Here are some frequently asked questions (and their answers) about mitochondrial inheritance. For a general introduction to the topic you can read Mitochondrial Inheritance and Mitochondrial Genome.
1. Is mitochondrial DNA exclusively of maternal origin?
Mitochondrial DNA is of almost exclusively maternal origin, even if a very little amount, clinically irrelevant and without any implication for genetic counseling, is also given by the father.
2. Are all mitochondrial disorders caused by mitochondrial DNA mutations?
No! It’s important to highlight that the term “mitochondrial disorder” is not the same as “genetic disorder with mitochondrial inheritance”. A mitochondrial disorder is a disease caused by an alteration in mitochondrial function, which can be due to (1) a mitochondrial DNA mutation or (2) a nuclear DNA mutation (following Mendelian inheritance).
3. Is mitochondrial inheritance part of Mendelian inheritance?
No. Because of heteroplasmy, mitochondrial inheritance follows different rules from those of Mendelian inheritance, which by definition includes autosomal dominant, autosomal recessive and X-linked inheritance (Y-linked inheritance, also falling within the chapter of Mendelian inheritance, is very rare.
4. Which is the minimal mutation load needed for the clinical manifestation of a mitochondrial inheritance disease?
It is not possible to know the mutational load threshold, which varies from case to case and from a disorder to another, which is why it is often impossible to predict the phenotype simply based on the mutational load found in an individual and it is definitely not recommended to predict the fetal phenotype (also because the mutational load of the placenta or amniocytes does not always reflect the real one of the fetus; only in NARP and in Leigh’s syndrome there is a certain correspondence).
5. Is it possible to search for mitochondrial DNA mutations in the prenatal stage?
Certainly yes, but the geneticist will have to be particularly cautious in predicting the clinical phenotype of the unborn child in case of heteroplasmy. Indeed, with the exception of NARP and Leigh syndrome, the mutational load of the chorionic villi cells or of the amniotic fluid does not always reflect the actual mutational load of the fetus. Furthermore, the critical threshold of the mutational load cannot be precisely determined and depends on the disorder. Even in the case of Leigh syndrome or NARP syndrome it is advisable to venture into the prediction of some phenotype only for very marked mutational load values (ie very low or very high). NB: it should be remembered that any analysis of the mutational load must be performed on chorionic villi cells or on NON-cultured amniocytes, since cell culture could alter the percentages of mutated and non-mutated mitochondrial DNA.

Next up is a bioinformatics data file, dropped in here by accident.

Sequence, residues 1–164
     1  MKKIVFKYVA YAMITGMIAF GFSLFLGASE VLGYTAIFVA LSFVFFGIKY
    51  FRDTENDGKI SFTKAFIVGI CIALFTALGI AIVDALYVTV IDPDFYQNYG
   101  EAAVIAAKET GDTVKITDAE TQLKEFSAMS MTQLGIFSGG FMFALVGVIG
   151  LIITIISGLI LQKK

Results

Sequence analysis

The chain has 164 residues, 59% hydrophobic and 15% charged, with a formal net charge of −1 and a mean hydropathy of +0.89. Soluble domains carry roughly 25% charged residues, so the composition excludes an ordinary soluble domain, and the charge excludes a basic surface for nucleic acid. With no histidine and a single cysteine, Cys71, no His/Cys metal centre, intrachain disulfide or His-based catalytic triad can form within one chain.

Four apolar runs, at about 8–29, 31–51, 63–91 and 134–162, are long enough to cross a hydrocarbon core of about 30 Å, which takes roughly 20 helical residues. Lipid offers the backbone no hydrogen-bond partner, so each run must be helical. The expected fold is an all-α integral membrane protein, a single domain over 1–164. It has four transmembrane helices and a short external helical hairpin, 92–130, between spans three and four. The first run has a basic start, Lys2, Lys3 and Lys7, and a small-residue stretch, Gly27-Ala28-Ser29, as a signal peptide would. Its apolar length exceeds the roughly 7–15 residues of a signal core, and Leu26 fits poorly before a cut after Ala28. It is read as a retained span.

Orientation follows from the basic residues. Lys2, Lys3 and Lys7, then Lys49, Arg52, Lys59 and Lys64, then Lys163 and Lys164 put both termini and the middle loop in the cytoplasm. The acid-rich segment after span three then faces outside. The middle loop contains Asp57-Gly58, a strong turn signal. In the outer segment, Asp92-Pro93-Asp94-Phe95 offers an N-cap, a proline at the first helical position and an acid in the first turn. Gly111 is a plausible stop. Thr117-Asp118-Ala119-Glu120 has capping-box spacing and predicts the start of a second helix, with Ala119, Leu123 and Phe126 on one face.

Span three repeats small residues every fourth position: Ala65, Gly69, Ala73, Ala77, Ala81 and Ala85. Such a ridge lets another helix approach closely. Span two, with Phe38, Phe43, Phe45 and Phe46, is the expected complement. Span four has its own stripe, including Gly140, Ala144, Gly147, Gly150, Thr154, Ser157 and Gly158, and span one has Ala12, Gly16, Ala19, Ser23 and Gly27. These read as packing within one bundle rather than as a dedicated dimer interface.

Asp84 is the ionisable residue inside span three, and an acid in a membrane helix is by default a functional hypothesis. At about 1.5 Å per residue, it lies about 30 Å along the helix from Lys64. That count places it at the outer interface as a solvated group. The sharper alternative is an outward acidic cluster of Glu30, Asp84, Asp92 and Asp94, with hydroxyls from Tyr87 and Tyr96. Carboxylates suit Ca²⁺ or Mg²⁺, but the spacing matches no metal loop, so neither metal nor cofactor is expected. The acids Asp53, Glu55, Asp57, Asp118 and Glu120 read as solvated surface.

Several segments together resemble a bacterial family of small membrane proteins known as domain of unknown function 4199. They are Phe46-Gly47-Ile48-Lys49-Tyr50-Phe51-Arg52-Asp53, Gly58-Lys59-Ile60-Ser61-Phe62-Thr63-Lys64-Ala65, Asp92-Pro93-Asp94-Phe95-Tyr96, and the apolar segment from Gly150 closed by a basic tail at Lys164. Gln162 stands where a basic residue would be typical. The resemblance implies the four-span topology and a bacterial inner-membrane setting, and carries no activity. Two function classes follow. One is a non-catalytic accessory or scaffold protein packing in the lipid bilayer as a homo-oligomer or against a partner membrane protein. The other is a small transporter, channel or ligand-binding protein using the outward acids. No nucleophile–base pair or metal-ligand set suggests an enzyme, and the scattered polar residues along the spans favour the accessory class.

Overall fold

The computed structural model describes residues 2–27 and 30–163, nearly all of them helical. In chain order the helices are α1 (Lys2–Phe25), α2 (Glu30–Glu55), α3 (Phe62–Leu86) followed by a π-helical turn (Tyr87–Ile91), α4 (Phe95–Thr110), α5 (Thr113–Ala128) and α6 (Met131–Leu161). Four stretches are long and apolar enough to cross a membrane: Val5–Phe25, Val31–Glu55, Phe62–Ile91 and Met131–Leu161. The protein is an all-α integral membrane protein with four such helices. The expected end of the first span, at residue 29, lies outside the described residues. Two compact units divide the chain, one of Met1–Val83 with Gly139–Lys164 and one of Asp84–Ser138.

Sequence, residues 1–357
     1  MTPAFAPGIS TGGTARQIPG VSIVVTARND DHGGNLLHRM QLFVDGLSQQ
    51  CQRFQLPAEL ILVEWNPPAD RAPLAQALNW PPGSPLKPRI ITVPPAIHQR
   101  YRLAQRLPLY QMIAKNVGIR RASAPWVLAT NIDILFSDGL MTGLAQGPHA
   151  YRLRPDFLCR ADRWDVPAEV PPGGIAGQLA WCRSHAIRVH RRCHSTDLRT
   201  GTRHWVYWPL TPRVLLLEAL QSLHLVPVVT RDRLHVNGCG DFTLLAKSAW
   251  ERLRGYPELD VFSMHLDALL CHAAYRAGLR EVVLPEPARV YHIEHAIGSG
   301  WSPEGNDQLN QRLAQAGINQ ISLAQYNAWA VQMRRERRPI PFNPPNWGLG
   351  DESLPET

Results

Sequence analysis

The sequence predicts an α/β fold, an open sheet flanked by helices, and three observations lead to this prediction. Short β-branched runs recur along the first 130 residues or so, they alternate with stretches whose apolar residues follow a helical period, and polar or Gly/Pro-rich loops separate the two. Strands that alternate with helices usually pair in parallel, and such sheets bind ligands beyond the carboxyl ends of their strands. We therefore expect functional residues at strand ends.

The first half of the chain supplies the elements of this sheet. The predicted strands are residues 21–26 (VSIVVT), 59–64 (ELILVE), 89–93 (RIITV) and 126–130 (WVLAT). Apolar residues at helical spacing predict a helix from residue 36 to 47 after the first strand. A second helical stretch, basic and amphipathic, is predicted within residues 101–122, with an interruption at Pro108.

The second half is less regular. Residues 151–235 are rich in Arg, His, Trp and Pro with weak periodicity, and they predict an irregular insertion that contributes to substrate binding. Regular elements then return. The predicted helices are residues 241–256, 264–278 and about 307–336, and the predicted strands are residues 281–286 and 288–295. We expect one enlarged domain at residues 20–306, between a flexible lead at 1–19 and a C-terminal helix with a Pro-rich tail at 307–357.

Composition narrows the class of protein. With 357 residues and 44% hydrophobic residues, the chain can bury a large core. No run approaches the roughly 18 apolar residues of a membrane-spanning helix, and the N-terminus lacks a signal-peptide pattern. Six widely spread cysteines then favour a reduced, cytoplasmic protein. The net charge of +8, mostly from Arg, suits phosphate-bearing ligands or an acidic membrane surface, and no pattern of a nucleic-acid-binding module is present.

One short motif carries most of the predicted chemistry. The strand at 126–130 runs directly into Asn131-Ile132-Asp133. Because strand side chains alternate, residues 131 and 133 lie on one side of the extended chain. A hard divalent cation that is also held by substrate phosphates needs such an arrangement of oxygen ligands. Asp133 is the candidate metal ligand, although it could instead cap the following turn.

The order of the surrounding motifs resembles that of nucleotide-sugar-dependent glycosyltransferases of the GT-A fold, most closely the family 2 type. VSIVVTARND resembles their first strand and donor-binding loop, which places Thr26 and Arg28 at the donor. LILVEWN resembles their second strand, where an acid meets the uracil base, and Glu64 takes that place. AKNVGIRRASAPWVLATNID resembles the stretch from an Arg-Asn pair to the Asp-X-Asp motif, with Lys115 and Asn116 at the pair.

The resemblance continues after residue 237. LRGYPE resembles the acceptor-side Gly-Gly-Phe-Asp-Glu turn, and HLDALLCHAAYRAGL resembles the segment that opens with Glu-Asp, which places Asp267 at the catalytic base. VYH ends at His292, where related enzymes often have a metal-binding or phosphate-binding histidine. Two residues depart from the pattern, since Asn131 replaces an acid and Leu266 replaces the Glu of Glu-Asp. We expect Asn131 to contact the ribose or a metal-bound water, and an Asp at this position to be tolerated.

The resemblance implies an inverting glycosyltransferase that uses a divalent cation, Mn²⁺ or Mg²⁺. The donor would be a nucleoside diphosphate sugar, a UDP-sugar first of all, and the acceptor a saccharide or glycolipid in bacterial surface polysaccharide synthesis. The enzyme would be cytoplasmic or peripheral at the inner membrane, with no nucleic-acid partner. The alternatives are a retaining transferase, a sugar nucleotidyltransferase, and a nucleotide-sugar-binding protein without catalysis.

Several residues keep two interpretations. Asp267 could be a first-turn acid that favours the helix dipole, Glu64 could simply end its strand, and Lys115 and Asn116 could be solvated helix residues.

6. How many mtDNA molecules are there in each mitochondrion and in each cell?
The number is unknown. We talk about polyplasmy.
7. Can an affected male transmit the disease to the offspring?
No, a male with a disorder with mitochondrial inheritance will never transmit the disease to the offspring because the paternal contribution to the mitochondrial DNA of the unborn child is completely negligible.
8. Are the children of an affected female always affected?
It is not certain: if the mother is in a condition of heteroplasmy, the onset of the disease in the offspring depends on the mutational load, that is, on the proportion of mutated mitochondrial chromosomes that the mother transmits to the fetus. The unborn child may therefore be affected or a healthy carrier.
9. How do you determine the mutational load in an affected individual?
Mutational load is not determined in routine diagnostics, which is usually limited to simple sequencing on DNA extracted from leukocytes. The level of heteroplasmy usually does not affect the outcome of simple sequencing (giving false negatives) since generally the mutational load is sufficiently high to make the signal of the mutation prevail over the signal of the non-mutated chromosomes. In some specialized laboratories it is however possible to determine the mutational load with special methods such as PEA (primer extension assay) or qPCR.
10. Is there a treatment for mitochondrial inherited diseases?
As for many genetic disorders, treatment is currently symptomatic (ie aimed at treating symptoms, where possible). No gene therapy solution has been identified so far.